Those who float

She felt as if she had spent most of her life treading water because she was fighting something inside herself. But as she was thrashing against the water, deep down she knew she would lose the fight.


A famous psychological experiment challenges its subjects to think of anything except a polar bear for five minutes. Every time they think of a polar bear, they have to ring a bell. Close your eyes and try it. Chances are that, nothing but polar bears appears in your head.

This experiment illustrates that suppression isn’t effective – it might work for awhile, but soon we become so fixated on avoiding the thought that it wears us out. We become acutely sensitive to its next occurrence, and before we know it, the thought itself is no longer our fear. Instead, it is now the thought of the thought occurring. This is akin to treading water – it might work in the short-term, but it’s certainly not going to be sustainable.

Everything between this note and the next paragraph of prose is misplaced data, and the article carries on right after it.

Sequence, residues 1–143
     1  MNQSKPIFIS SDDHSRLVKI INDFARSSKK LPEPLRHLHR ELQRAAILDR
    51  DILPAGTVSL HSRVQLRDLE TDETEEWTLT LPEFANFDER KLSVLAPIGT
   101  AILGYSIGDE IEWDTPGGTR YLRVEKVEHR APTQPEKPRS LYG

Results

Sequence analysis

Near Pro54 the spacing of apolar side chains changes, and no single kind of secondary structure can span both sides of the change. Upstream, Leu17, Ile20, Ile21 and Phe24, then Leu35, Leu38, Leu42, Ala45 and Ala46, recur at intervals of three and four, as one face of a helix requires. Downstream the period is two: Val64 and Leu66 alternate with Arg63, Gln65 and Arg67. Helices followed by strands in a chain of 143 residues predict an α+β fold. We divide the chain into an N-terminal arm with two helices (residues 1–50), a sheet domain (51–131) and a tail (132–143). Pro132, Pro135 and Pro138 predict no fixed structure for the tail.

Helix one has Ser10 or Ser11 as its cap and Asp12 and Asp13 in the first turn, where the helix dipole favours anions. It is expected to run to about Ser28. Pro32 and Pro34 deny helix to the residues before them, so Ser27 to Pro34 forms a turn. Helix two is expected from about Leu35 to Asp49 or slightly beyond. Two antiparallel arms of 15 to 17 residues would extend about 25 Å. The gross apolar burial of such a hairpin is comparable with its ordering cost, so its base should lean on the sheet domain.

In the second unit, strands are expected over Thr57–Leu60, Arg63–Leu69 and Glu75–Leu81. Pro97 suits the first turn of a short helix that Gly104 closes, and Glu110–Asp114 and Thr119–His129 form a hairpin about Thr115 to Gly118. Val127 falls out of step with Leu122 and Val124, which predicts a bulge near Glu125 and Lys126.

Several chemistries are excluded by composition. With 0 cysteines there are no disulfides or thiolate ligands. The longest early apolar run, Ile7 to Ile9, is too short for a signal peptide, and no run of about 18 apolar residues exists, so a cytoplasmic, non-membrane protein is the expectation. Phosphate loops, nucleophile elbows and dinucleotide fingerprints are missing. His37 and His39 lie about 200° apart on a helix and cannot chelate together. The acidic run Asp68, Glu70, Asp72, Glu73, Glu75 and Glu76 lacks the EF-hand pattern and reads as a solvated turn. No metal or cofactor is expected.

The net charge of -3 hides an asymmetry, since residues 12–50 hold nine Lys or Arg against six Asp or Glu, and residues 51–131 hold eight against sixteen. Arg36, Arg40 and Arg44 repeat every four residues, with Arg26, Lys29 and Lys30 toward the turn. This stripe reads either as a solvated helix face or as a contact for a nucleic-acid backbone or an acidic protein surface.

I think this is where the hard part really comes in: what’s the alternative? Dan Gottlieb says, “the very moment you give up struggling with the water, if you’re going to float, you have to put your faith in the water – just lie back and let it hold you up.”

I personally agree, but I find this incredibly difficult. When a thought appears in my head, I realize it’s wrong to fight it, so I avoid the conscious attempt to not think about it. But in consciously avoiding this conscious attempt to not think about it, I know I’m going to fall back into the polar bear trap, so I usually wind up thinking about how not to consciously think about how to avoid this conscious attempt. As you can see, I could go on ad infinitum, and I’d still be stuck in the polar bear trap.

Psychoanalyst Carl Jung believed that we all have demons inside of us. He called them “shadows”, to mean that we have parts of ourselves that we can’t deal with; yet, we cannot run away or separate ourselves from them. Fortunately or unfortunately, I keep faith still.

Yours in hope,

Tim

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